Thanks,

Arthroverts

First, as far as I know, the Lacey Act has never been used to regulate pet arthropods. It is the Plant Protection Act. I have the permits for many exotic millipede species, even imported individuals. Naturalized, and of course native species, are not regulated within the Continental US. I have been trying to encourage the USDA to allow commercial biological supply permits for Thyropygus, as it has been replacing Archispirostreptus in museums. 

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I would likely have permits too, except I can't get a permit until a later time (I also have many family members living with me, which I'm sure the USDA/APHIS would not be happy about).

Lastly, I was just reading about the Plant Protection Act, and apparently Paragraph 2 says that anyone can petition the Secretary to add or remove plant pests from regulation. Is this something we should look into further for millipedes?

I know this might be coming across as fanatical (ha ha), but if there is anyway that we can get exotic millipedes deregulated, I am interested in pursuing it. I am starting to get tired of only seeing tiny Bumblebees, even tinier Scarlets, and the average Narceus or Chicobolus available.

Thanks,

Arthroverts

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2 hours ago, Arthroverts said:

That may be true, but millipedes aren't insects, rather being of the subphylum Myriapoda. 

I meant arthropod, and I changed it to prevent any confusion. 

2 hours ago, Arthroverts said:

I would likely have permits too, except I can't get a permit until a later time (I also have many family members living with me, which I'm sure the USDA/APHIS would not be happy about).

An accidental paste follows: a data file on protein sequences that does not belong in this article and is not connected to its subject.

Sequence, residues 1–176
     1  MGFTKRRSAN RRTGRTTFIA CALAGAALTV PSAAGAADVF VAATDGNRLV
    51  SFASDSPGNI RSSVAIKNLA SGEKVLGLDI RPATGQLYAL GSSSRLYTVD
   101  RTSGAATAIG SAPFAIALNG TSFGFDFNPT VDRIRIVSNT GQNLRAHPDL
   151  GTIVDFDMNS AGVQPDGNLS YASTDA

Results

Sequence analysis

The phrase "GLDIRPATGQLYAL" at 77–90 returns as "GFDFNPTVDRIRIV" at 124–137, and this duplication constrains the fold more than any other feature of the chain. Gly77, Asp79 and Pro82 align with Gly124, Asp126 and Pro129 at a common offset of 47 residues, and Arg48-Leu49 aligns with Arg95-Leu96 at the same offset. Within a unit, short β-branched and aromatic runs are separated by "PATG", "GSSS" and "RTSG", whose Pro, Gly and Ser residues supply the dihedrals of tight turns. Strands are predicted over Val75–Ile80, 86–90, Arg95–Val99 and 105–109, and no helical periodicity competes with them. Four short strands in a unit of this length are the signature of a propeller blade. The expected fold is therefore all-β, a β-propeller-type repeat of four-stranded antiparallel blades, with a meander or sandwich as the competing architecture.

I live in a family of six. It is not an issue. 

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1 minute ago, The Mantis Menagerie said:

I meant arthropod, and I changed it to prevent any confusion. 

I live in a family of six. It is not an issue. 

Gotcha.

I am going to PM you to discuss the permitting process further; I've been meaning to for a little while now, as I have a few specific questions.

Thanks,

Arthroverts

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2 hours ago, mantisfan101 said:

Are all US-native and naturalized species not regulated by the USDA?

Yes

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On 9/20/2019 at 1:32 PM, The Mantis Menagerie said:

First, as far as I know, the Lacey Act has never been used to regulate pet arthropods.

What about Typhochlaena seladonia? Thought the reason they were basically banned in the US was because Brazil wanted to US government to enforce the Lacey Act for their endemic species? (A bit ironic, considering their government's response to the amazon fires...). 

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21 minutes ago, Hisserdude said:

What about Typhochlaena seladonia? Thought the reason they were basically banned in the US was because Brazil wanted to US government to enforce the Lacey Act for their endemic species? (A bit ironic, considering their government's response to the amazon fires...). 

CITES and ESA also restrict some species, but none of these are the cause of the APHIS regulations. I guess I did word that way too broadly. 

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On 9/23/2019 at 7:32 PM, The Mantis Menagerie said:

CITES and ESA also restrict some species, but none of these are the cause of the APHIS regulations. I guess I did word that way too broadly. 

Yeah, that's what I thought, just wanted to be sure though! :)